Colour Vs Light… which is more important?
There is one question that I’m often asked and that is “what’s more important, colour or light?” It’s a question I’m asked by my colour & design students, design professionals, from the audience at design shows, even with lighting designers.
And my initial response is often met with surprise given I specialise in the field of Applied Colour Psychology. So keep reading and I’ll explain why…
I remember a few years back a designer calling me to say she had been at a trade show listening to an expert panel discussing “what is more important – colour or light?” Each of the panellists agreed that light is. Quite animated she said how she wished I’d been there because I would have seen ‘red’ and staunchly defended colour saying it is more important.
My reply that actually light is more important initially stunned and confused her until I explained why.
I wasn’t privy to the comments from that panel discussion but as I mentioned earlier what most people expect me to say because of my field is that colour is more important.
But the reality is you simply cannot see colour without there being light. You only have to turn the lights off at night and the colours on the objects you could see with the light on have now ‘disappeared’ in the darkness.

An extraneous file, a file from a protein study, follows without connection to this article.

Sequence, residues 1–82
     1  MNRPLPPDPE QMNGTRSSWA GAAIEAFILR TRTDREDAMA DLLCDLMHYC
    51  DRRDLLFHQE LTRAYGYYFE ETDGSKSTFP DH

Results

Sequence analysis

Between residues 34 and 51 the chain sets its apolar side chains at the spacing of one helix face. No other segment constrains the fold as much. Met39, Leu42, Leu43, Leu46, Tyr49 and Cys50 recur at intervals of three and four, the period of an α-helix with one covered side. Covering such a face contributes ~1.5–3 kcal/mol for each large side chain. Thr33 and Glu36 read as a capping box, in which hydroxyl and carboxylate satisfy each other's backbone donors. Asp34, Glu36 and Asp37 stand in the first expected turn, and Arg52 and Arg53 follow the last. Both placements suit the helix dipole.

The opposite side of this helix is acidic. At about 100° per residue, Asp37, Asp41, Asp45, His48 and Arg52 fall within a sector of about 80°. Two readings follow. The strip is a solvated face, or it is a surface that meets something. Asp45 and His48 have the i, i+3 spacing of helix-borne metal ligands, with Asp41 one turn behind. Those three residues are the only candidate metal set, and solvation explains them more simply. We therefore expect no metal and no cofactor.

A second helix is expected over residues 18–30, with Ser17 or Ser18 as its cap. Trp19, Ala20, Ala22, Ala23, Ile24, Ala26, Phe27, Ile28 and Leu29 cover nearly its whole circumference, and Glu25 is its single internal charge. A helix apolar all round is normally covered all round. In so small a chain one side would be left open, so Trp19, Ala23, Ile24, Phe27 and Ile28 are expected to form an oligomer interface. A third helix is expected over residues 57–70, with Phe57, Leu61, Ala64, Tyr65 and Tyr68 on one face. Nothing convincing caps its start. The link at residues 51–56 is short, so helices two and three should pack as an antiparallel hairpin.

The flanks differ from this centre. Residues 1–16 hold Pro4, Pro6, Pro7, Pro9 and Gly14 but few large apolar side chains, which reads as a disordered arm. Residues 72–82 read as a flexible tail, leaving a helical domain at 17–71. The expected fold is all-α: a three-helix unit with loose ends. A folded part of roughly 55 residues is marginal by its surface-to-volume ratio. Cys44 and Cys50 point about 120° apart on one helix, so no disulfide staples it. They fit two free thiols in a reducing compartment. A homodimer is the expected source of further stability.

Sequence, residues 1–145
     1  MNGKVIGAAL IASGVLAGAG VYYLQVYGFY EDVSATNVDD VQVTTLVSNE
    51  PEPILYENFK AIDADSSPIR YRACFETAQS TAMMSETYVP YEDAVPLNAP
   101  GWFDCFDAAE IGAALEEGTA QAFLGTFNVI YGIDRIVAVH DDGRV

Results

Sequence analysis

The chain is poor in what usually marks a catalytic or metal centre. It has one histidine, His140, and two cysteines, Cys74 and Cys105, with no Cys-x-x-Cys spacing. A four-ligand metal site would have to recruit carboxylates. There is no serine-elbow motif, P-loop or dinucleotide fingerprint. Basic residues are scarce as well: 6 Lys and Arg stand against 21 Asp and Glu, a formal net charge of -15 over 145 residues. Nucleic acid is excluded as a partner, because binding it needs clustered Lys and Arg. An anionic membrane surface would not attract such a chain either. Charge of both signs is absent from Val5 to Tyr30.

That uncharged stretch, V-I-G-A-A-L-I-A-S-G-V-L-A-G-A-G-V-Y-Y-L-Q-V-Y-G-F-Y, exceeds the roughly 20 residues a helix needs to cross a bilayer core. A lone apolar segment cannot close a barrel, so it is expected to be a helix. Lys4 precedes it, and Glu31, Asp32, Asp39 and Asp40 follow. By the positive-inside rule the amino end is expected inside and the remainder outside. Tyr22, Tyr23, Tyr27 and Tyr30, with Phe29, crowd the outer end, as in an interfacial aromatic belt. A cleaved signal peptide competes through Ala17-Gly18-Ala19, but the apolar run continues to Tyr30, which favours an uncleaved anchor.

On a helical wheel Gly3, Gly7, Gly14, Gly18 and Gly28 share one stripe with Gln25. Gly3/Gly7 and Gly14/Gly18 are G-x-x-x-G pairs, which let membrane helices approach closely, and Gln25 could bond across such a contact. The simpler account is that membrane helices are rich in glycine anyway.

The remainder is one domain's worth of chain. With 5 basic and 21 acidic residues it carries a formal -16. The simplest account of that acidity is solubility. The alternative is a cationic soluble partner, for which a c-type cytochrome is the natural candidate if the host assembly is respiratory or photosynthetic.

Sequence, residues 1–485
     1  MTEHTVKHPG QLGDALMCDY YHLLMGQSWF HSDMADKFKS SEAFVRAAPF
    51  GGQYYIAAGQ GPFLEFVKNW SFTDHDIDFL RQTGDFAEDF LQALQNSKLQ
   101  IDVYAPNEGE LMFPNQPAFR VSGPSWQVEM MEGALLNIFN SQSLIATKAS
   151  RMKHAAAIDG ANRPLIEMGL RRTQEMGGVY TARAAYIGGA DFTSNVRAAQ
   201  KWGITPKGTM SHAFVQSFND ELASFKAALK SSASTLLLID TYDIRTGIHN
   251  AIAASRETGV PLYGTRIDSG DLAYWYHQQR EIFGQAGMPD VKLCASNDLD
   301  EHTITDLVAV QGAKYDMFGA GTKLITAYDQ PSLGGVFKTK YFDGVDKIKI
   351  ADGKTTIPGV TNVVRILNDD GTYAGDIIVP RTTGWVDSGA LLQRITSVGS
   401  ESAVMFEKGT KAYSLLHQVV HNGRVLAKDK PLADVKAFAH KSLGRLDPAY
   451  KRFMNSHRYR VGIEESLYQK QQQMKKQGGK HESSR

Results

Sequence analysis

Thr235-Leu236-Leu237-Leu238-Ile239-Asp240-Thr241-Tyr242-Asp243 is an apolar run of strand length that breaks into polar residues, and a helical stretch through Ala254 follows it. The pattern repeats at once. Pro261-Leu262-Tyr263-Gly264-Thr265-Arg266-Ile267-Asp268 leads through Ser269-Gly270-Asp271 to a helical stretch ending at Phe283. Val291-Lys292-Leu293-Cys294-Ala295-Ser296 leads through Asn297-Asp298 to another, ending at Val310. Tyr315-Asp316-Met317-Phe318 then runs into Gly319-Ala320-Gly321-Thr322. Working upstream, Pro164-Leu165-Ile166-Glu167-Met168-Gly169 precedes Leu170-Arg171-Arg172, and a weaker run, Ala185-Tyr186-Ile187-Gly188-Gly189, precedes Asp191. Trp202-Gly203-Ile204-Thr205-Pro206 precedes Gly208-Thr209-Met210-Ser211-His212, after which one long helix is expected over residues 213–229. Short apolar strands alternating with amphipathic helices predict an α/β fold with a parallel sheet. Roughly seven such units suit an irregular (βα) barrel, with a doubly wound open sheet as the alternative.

For us to have any chance of even experiencing colour we need three things;
- a light source
- a surface for the light source to bounce off and
- the human eye.
Once we see can the colour (thanks to there being light) it’s at this point that colour becomes the more important of the two.
Colour makes us feel something
This is the fascinating bit. When light strikes the human eye the varying wavelengths (which we see as colour) are converted into electrical impulses which pass through the same part of the brain governing our hormones and our endocrine system (the hypothalamus) which governs amongst other things our:
- sleeping and behavioural patterns
- nervous system
- body temperature
What this means is that colour isn’t something you just see. In psychological terms colour delivers an emotion experience. Whether you realise this or not you are always having a connection and responding to the colours in front of you.
When done well, light and colour create the perfect partnership. Together they can evoke positive thoughts, feelings and positive behaviours in any space influencing the experience of the customer in the restaurant or store, productivity in the workplace or wellbeing in the home.
Does this change your perception of how you use light to design? Or perhaps how you might approach using colour in a space depending on the lighting?
I’d love to know which you feel is more important. Pop your comments in the box below.
Wishing you a colourful day!
If you love colour and want to hang out with a group of colour lovers then come on over to The Colour Collective where colour lovers from all over the world share their passion and colour inspiration. Looking forward to welcoming you in.
First published 8th August 2017.
Updated with extracts from The Little Book of Colour, How to Use the Psychology of Colour to Transform Your Life.